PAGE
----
This article was last updated on April 16, 2022
Photo: Gustavo Caballero/Getty Images.
It’s official: Donald Trump will be the 45th president of the United States of America.
The Associated Press called the election for Trump at 2:31 a.m. Wednesday morning. Democratic nominee Hillary Clinton, who made history in her bid to become the country’s first female president, had won 215 electoral votes in a race that was much closer than many had predicted.
The shocking upset also kept control of the U.S. Senate and House of Representatives in the GOP column, meaning all three bodes will be controlled by Republicans come January.
The bombastic businessman, whose campaign made headlines for polarizing and divisive rhetoric, took an uncharacteristically civil tone in his acceptance speech.
“Hillary has worked very long and very hard over a long period of time, and we owe her a debt of gratitude,” Trump said in his victory speech in front of a crowd of supporters at the Midtown Hilton Hotel in New York City. “I will be president for all Americans. And this is so important to me.”
Just eight years after the U.S. elected its first Black president, American voters chose a new leader who ran on promises to roll back much of the progressive agenda put forth by Barack Obama. On the campaign trail, Trump at times pledged to repeal Obamacare, create punishments for women seeking abortions, and build a wall between the U.S. and Mexico.
These platforms are in direct contrast to the policies of Obama who, in his last days stumping for Clinton on the campaign trail, asked Americans to renew their hope for a better future. Instead, voters proved to be drawn to Trump’s campaign — one that promised a return to the country’s past.
Photo: Lilli Petersen.
Melania Trump’s executive assistant, Erica Maestro (left), and Trump supporter Jillian Grancaric (right) at the campaign’s party.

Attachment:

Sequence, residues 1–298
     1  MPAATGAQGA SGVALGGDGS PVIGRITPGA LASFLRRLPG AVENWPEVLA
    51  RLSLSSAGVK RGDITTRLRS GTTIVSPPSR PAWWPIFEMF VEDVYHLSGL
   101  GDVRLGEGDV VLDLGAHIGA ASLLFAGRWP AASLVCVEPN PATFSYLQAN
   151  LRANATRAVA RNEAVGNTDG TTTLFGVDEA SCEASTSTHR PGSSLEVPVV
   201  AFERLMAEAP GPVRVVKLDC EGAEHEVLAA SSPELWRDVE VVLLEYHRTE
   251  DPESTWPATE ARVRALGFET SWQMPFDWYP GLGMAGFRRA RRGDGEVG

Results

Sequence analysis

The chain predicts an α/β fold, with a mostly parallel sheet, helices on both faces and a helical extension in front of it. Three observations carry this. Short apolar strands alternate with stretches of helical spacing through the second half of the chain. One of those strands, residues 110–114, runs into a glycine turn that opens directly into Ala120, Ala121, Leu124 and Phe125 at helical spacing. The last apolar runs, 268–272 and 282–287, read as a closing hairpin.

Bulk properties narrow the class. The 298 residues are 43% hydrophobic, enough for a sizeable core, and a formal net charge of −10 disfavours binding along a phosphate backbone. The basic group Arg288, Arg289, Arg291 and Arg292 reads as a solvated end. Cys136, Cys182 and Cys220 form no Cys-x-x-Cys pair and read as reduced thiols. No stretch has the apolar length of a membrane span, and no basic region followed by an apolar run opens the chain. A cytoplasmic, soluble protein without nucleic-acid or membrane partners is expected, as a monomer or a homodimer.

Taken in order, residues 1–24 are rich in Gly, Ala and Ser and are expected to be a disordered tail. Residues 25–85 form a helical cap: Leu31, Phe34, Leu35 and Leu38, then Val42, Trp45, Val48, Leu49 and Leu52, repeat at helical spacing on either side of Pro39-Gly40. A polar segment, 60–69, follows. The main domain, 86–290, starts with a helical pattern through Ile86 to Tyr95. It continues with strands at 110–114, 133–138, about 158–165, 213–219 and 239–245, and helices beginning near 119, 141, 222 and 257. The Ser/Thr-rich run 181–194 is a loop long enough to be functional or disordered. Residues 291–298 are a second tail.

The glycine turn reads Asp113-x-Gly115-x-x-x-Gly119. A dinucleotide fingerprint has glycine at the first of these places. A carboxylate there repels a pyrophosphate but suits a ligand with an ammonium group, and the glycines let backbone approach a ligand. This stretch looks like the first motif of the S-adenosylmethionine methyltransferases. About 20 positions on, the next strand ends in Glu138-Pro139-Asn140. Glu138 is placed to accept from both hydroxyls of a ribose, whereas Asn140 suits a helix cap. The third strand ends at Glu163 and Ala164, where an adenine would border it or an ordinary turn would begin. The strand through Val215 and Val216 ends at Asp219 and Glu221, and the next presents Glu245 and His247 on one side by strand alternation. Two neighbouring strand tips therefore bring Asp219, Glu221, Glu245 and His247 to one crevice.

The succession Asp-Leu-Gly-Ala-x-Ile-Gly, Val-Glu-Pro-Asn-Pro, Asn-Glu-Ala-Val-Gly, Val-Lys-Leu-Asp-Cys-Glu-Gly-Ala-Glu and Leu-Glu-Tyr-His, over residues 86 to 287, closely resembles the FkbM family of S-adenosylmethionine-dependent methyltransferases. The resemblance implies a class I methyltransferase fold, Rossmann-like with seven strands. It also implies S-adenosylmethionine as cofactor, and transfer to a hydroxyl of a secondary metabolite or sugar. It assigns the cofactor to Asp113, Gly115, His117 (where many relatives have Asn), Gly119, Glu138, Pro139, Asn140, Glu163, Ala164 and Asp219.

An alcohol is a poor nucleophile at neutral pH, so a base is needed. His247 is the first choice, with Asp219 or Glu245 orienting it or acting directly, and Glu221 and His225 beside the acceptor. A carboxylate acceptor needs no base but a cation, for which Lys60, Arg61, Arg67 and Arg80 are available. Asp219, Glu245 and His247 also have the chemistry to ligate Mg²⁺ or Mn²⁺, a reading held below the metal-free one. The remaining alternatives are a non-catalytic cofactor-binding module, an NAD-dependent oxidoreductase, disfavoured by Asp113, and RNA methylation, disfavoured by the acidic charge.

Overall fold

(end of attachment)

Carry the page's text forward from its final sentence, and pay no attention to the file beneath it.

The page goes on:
“This is the people revolting against the Washington establishment that doesn’t seem to be able to get anything done, whether it’s the president, the former secretary of state, or for that matter, a lot of the Congress,” former NYC Mayor Rudy Giuliani, a key Trump surrogate, told press at the campaign celebration in midtown Manhattan.
He added that tonight’s victory signaled an end to the Clinton legacy. “Maybe the Clinton chapter is over now,” he said. “Enough disgrace to America. Enough disgrace to the presidency. Enough disgrace to the state department.”
Guiliani would not comment on whether he would be a part of a Trump cabinet, but noted that he knew his candidate was going to win after he claimed victory in Florida.
In fact, the election did turn in Trump’s favor when he managed to hold on to key swing states such as Florida and Ohio, closing off a path to victory for Clinton. Previously, pollsters had predicted that Trump would most likely lose in states like Wisconsin and, possibly, Florida.
Photo: Lilli Petersen.
Trump supporters Aliza Romanoff, 26 (left), and Tammy Friedman, 54, (right).
“It was amazing,” 23-year-old Laura Loomer told Refinery29 after the Associated Press called the sunshine state for Donald Trump. “I went to College in Florida for four years, and I remember working on the Mitt Romney campaign and I was so disappointed about Romney losing Florida, because at 2 in the morning, there was still people waiting in lines, because the system was so screwed up.”
Melania Trump’s executive assistant, 28-year-old Erica Maestro, said that what made Trump an attractive candidate was that he’s different from politicians. “He’s open-minded. He speaks more like what the people want to hear and what the people think,” she said.
Clinton, who reportedly conceded to Trump by phone in the early morning hours, did not address supporters gathered at the Javits Center in New York.
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